how long for 4 day old 10 gal tank to be ready?
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how long for 4 day old 10 gal tank to be ready?

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how long for 4 day old 10 gal tank to be ready?
Old 12-23-2008, 04:30 PM   #1
 
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Question how long for 4 day old 10 gal tank to be ready?

I just bought a 10 gallon 4 days ago and its all set up with gravel, plastic and live plants , some decorations, a filter a heater and a light on the canopy. the pH, temperature nitrate levels and almonia levels are good.
nitrate at 50mg/l (alright level)i have used nutrafin cycle and nitrafin chorine treatments and carried out partial water change.

the main question is how long till i can put fish in and what kind are good?
please help. and tips would be appreciated.
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Old 12-23-2008, 04:54 PM   #2
 
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Welcome Zachary. It is time to review the basics. What you have is a container full of water with some mechanical devices attached. What you need before you get fish is a functioning mature filter and a heater that is keeping the water at the right temperature for the fish you want. The filter you have been sold is not really ready for fish, it needs to develop a bacterial colony to process some ammonia that the fish will put into the water. The way it works is that fish and anything that decays in the tank will make ammonia that is poisonous to your fish. That ammonia can be converted into nitrites by bacteria but you haven't cultured any of those yet. The nitrites are also poisonous to your fish but other bacteria will come along and build a colony that will convert the nitrites into nitrates. Nitrates are much less poisonous than ammonia or nitrites so we can remove them with weekly partial water changes. I see that you have at least a partial test kit that measures ammonia so that is good.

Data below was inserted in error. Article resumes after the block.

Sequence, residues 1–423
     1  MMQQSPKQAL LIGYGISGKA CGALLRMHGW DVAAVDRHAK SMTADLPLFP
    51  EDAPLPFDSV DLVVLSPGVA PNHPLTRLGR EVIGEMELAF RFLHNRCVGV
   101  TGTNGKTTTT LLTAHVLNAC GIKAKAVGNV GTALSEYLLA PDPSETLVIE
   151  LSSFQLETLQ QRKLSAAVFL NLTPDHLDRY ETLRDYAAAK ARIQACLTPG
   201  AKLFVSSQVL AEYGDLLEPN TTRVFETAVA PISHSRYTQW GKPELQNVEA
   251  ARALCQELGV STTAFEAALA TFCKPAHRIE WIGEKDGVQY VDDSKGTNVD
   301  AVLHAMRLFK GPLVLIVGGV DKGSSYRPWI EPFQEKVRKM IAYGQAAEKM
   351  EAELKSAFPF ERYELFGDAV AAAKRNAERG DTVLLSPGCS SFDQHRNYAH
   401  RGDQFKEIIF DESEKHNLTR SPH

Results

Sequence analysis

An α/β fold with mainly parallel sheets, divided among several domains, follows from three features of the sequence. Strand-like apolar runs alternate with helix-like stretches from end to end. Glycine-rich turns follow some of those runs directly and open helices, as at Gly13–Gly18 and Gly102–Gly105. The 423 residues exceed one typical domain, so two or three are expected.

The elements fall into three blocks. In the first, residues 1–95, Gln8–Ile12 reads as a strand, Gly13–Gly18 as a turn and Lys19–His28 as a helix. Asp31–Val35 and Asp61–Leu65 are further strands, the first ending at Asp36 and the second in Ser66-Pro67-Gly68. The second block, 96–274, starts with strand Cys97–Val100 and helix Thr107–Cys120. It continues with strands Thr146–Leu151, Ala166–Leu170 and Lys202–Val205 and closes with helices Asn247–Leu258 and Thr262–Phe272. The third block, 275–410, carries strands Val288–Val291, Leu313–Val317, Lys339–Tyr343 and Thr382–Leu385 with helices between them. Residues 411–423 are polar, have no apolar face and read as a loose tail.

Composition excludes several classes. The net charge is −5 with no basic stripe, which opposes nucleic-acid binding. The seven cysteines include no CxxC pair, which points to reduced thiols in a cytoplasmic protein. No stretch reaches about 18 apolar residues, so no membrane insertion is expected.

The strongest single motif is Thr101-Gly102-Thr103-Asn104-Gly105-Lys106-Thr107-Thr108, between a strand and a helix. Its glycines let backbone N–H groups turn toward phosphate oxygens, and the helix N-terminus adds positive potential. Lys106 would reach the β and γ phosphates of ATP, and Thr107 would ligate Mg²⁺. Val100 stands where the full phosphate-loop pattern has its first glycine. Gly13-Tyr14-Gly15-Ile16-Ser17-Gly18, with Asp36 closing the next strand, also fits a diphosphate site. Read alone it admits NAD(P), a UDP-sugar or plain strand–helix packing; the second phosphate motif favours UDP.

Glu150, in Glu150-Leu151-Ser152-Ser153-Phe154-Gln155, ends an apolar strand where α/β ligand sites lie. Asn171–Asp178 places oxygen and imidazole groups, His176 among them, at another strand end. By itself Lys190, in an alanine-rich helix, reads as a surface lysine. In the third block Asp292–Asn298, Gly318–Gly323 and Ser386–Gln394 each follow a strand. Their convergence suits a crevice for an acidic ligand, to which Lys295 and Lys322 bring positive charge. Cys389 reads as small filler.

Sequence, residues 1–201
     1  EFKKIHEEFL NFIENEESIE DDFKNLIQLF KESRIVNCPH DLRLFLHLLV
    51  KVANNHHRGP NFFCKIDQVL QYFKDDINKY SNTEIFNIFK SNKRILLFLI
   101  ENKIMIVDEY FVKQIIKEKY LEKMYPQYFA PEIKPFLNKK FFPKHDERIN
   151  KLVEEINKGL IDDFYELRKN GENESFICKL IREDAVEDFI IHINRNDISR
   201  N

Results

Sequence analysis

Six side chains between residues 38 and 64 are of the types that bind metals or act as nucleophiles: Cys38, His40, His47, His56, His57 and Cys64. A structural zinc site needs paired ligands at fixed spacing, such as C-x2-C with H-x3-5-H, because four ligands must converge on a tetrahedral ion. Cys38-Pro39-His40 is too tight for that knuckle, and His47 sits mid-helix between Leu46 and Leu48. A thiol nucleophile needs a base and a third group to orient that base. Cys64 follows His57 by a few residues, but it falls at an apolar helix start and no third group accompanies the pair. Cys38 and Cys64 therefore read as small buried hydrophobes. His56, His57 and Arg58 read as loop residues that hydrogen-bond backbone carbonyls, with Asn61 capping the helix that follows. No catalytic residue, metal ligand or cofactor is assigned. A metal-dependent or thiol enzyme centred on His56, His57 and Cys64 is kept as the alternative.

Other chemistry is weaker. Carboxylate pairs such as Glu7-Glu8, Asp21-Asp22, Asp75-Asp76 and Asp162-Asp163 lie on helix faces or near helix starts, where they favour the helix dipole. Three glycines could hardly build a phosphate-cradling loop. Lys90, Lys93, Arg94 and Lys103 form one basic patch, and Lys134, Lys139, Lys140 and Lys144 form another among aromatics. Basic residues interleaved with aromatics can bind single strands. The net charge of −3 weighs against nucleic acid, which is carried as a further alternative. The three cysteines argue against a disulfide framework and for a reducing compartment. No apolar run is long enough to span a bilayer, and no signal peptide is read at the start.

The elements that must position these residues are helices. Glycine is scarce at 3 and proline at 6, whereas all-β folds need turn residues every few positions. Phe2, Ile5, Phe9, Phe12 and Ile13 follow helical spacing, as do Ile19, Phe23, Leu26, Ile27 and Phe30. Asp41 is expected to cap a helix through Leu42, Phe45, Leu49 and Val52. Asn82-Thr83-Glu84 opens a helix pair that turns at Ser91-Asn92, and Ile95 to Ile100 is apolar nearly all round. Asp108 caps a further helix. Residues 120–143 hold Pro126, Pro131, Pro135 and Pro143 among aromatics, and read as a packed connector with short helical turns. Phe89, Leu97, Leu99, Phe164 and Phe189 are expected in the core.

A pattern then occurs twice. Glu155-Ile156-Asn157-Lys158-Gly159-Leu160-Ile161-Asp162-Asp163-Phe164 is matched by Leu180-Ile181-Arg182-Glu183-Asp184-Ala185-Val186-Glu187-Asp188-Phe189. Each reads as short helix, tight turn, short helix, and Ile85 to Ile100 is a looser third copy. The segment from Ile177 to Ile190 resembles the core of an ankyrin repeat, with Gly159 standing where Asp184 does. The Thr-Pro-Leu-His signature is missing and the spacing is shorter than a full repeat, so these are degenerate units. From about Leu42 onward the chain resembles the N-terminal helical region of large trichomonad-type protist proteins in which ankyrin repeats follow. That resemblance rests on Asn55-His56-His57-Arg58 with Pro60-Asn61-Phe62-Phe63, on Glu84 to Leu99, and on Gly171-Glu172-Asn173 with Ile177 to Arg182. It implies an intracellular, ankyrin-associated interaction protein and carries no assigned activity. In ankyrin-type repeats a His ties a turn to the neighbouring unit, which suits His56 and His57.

Your next step is do a cycle of the filter, that gets it ready for your fish. The way to do it is to add in ammonia and get it around 5 ppm. It sounds backward but what we are trying to do is get the bacteria to grow so that they will able to take care of your fish. When the ammonia drops down around zero, you put more into the tank to bring it back up to around 5 ppm. When the ammonia is going away in less than 24 hours, you will find that nitrites have risen quite a bit. Eventually, if you can keep bringing the ammonia back up around 5 ppm each day, you will get the filter to the point that it can remove all the ammonia and nitrites within a day or even less. At that point you could do a huge partial water change using your dechlorinator to bring the nitrates back down and you would be ready for some fish. The whole thing can take anywhere from 3 weeks to 6 weeks to happen but a month is about typical.

Last edited by Oldman47; 12-23-2008 at 05:12 PM..
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Old 12-23-2008, 05:31 PM   #3
 
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thank you for this advice. it should really help. but how can I add ammonia to my tank?
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Old 12-23-2008, 05:38 PM   #4
 
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You can buy a bottle of pure ammonia from some hardware stores. Other options are to "feed" your tank flake food everyday to create needed ammonia, or put a fresh shrimp or small fillet of fish from your grocery store. The rotting meat will create the needed ammonia as well.
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Old 12-23-2008, 05:52 PM   #5
 
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do you think i could add 1 hardy fish to my tank...i just cant wait, or is that just being selfish and going to kill it

p.s what is a quarantine tank
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Old 12-23-2008, 06:41 PM   #6
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Quote:
Originally Posted by zachary4311 View Post